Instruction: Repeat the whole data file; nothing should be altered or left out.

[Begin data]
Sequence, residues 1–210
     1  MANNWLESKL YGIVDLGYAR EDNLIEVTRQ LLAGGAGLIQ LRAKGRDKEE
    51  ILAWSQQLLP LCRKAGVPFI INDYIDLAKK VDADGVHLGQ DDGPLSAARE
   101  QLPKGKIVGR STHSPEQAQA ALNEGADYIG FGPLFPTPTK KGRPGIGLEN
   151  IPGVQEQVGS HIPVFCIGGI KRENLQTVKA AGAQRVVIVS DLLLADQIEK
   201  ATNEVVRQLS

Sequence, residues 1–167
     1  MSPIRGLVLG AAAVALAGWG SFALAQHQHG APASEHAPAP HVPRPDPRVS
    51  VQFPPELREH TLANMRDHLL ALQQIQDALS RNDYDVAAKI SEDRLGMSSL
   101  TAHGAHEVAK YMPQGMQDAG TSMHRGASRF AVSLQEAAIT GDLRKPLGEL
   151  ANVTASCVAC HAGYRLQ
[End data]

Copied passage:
Sequence, residues 1–210
     1  MANNWLESKL YGIVDLGYAR EDNLIEVTRQ LLAGGAGLIQ LRAKGRDKEE
    51  ILAWSQQLLP LCRKAGVPFI INDYIDLAKK VDADGVHLGQ DDGPLSAARE
   101  QLPKGKIVGR STHSPEQAQA ALNEGADYIG FGPLFPTPTK KGRPGIGLEN
   151  IPGVQEQVGS HIPVFCIGGI KRENLQTVKA AGAQRVVIVS DLLLADQIEK
   201  ATNEVVRQLS

Sequence, residues 1–167
     1  MSPIRGLVLG AAAVALAGWG SFALAQHQHG APASEHAPAP HVPRPDPRVS
    51  VQFPPELREH TLANMRDHLL ALQQIQDALS RNDYDVAAKI SEDRLGMSSL
   101  TAHGAHEVAK YMPQGMQDAG TSMHRGASRF AVSLQEAAIT GDLRKPLGEL
   151  ANVTASCVAC HAGYRLQ